In November, 2012, Louisiana health officials declined to create a state-run exchange, leaving it to the federal government to operate a marketplace for Louisiana residents. Only recently has any real clarity on the structure of the Louisiana Health Insurance Exchange been available for its October 1, 2013 opening date.
There are 4 insurance plans being offered in Louisiana Health Insurance Exchange, but only 2 are being offered statewide.
1) Blue Cross and Blue Shield of Louisiana
2) Louisiana Health Cooperative (a non-profit company whose chief executive is Rep. Greg Cromer, who is also the chairman of the House Insurance Committee)
3) Vantage (Generally northeast Louisiana but offering plans in all but 10 parishes)
4) Humana (Jefferson Parish only)
Coventry Health Care was slated to be the third statewide participant, but after its recent acquisition by Aetna the company withdrew from the exchange on September 19, 2013.
With the participating insurers established, the interesting question will be how Louisiana citizens will participate in the exchange. Two primary questions have emerged: The first concern is how they will be able to navigate the exchange marketplace. House and Senate insurance committees approved state regulations to oversee four organizations splitting $1.8 million in federal grants for “navigators” to help with education and enrollment across the state, mostly notably $1.1 million to Southwest Louisiana Area Health Education Center. The second question is how many people will choose to participate in the exchange rather than pay the monetary penalty for failing to obtain health insurance under the individual mandate. The penalty for failure to obtain insurance in 2014 is only $95 (or 1% of household income), then $325 in 2015 (or 1.5% of household income) and then $695 (or 2% of household income) in 2016 and on. The answers to these questions will likely result in the relative success or failure of the implementation of the Affordable Care Act in Louisiana.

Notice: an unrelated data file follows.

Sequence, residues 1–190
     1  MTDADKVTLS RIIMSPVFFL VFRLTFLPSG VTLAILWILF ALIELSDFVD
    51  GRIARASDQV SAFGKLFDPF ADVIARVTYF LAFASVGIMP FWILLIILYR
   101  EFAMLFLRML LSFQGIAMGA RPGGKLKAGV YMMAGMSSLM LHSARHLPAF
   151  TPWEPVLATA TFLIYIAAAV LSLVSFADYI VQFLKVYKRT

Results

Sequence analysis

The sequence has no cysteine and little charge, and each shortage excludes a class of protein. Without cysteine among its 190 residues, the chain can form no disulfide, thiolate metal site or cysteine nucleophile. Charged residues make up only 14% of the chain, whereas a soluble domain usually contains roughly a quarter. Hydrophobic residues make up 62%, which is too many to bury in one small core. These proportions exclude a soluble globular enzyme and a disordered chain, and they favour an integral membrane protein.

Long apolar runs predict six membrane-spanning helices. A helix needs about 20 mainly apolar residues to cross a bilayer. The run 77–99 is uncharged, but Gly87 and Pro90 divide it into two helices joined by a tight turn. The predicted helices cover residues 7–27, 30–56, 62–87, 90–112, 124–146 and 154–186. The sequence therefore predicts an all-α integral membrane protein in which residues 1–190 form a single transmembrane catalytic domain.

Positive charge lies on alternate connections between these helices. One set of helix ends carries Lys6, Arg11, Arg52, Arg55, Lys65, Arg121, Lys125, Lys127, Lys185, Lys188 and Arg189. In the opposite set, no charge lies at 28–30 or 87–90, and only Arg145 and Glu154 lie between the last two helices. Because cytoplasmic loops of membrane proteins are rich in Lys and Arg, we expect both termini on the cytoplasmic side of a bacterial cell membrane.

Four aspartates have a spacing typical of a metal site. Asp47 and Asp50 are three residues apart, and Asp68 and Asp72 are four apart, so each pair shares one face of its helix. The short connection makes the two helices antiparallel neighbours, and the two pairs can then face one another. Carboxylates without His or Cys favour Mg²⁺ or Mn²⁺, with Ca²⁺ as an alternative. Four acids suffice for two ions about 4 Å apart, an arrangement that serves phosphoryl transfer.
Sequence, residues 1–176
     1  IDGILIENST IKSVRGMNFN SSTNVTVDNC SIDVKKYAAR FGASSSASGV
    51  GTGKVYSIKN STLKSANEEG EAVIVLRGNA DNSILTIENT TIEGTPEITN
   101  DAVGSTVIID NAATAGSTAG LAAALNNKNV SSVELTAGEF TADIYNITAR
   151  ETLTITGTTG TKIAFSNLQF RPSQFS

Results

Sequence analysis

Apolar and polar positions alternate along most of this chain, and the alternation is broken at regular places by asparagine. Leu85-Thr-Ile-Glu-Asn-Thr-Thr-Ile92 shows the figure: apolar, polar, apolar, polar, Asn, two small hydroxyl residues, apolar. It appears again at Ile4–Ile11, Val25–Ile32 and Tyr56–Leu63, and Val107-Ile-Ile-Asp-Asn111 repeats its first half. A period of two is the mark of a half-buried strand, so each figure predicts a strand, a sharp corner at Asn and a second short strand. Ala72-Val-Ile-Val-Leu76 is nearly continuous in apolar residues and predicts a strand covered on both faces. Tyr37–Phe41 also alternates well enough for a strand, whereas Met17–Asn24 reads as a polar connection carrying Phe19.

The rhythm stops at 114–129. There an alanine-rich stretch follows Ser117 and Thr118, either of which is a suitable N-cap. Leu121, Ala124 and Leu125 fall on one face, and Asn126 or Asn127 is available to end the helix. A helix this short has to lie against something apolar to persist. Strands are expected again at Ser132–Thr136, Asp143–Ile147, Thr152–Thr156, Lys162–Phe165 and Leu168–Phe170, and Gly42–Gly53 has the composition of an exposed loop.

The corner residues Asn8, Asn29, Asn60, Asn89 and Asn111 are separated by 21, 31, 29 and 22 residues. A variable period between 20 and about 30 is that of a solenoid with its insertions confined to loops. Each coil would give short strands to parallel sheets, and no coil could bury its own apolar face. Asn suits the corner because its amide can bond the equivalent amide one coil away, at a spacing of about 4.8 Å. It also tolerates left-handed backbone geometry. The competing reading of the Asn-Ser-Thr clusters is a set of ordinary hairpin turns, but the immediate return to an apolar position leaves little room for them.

Written by: Stephen Angelette